My noble friend is right that we need a balance in this, and the way we are going to get a balance is through good debate on the Bill that is coming forward in this Parliament. We will have all those discussions and, hopefully, we will get something at the end which is balanced—for landlords but also, most importantly, for tenants.

My Lords, rents in London are up to double the level of rents elsewhere in the UK. Crisis has warned that the number of people sleeping rough in London has risen by a quarter in just one year, and more than half of those spotted on the streets are sleeping rough for the first time. What are the Government doing to prevent those who are struggling to pay their increasing rents from falling into homelessness?

My Lords, we have a number of interventions that can be used that the Chancellor brought in, both for people that are struggling with their rents and people who are struggling with household bills as a whole; that was all laid out in the Chancellor’s Statement last week. As far as homelessness is concerned, we are providing local authorities with £316 million in the homelessness prevention grant funding, and we are encouraging local authorities to use that flexibly, because it will not be the same in London as it is in other areas of the country.

My Lords, the Government’s own White Paper admits that the private rented sector

“offers the most expensive, least secure, and lowest quality housing”

to nearly 4.5 million households. Will the Government introduce a new renters’ charter to give tenants more choice and more control over their homes?

My Lords, if it is in the White Paper, we will see whether it comes through into the Bill and will discuss that. I am sure that if the noble Baroness tables any amendments, we will discuss those in full.

My Lords, I recognise that the Government are not going to introduce a freeze for the private rented sector or the social housing sector, but there is a cap on rents for social housing landlords, housing associations and councils. That cap means that they will not be getting the revenue they expected if they have the full increase in their rents. The main beneficiaries of this are the Government and Treasury, because housing benefit will be reduced—so the autumn Statement tells us—by £650 million. Will this windfall gain of £650 million for the Treasury over the next five years be recycled or reinvested back into social housing, where it is very badly needed, to upgrade the stock and build new homes?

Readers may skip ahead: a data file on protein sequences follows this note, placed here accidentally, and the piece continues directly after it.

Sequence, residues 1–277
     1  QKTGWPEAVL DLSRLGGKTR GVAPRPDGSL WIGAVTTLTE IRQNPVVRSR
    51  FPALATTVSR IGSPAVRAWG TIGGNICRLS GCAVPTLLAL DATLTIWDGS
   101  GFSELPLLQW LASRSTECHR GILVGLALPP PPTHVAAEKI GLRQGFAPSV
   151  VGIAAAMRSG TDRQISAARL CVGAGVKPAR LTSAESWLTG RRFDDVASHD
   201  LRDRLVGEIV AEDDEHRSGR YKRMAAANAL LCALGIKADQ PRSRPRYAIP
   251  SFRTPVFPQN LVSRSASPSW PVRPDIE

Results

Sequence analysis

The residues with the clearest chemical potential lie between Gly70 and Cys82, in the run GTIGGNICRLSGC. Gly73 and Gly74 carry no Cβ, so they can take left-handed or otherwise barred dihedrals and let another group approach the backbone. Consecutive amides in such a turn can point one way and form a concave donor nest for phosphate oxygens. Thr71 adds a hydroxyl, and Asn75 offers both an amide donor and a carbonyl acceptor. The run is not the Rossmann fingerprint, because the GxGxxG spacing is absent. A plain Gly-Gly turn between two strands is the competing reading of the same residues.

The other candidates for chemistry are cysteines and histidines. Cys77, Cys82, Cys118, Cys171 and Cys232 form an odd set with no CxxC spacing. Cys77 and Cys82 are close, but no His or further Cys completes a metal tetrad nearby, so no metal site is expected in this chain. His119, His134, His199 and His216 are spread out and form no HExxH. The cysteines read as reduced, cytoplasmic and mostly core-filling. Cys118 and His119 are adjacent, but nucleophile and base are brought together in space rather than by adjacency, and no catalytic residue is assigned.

The Government are already investing in social housing; we are putting £11.5 billion into building social housing. Some of the money from the windfall, as the noble Lord called it—I would not call it that—will go into that. There is also support going to local authorities to support those in the private rented sector who might have problems this winter and whom we might need to help out.

My Lords, following the tragic death of Awaab Ishak due to fungus growing in a family apartment, will my noble friend the Minister agree to a review of the Homes (Fitness for Human Habitation) Act 2018 to stop this ever happening in the private rented sector?

As we discussed in a lot of detail last week, this was an extremely sad and very disturbing case. On whether we will look at the healthy homes standard again, I think we will now wait to see if it is going to be in the renters reform Bill. In the meantime, the Secretary of State wrote to all local authorities this week to insist that they look at their stock, so that we as a department and a Government know exactly what is happening in our social housing stock as far as mould and damp are concerned.

My Lords, one reason why low-income tenants are struggling with their rents is that the local housing allowance has been frozen. Can the Minister explain why?

We have to understand that this country is in an economically difficult time, and very difficult decisions have to be made. If we look at what was given to very vulnerable groups of people in the Statement last week, I think noble Lords will agree that the Government are doing all they possibly can—

No—the Government are doing all they can to support these people and help them, both now and if they have problems as the winter goes on.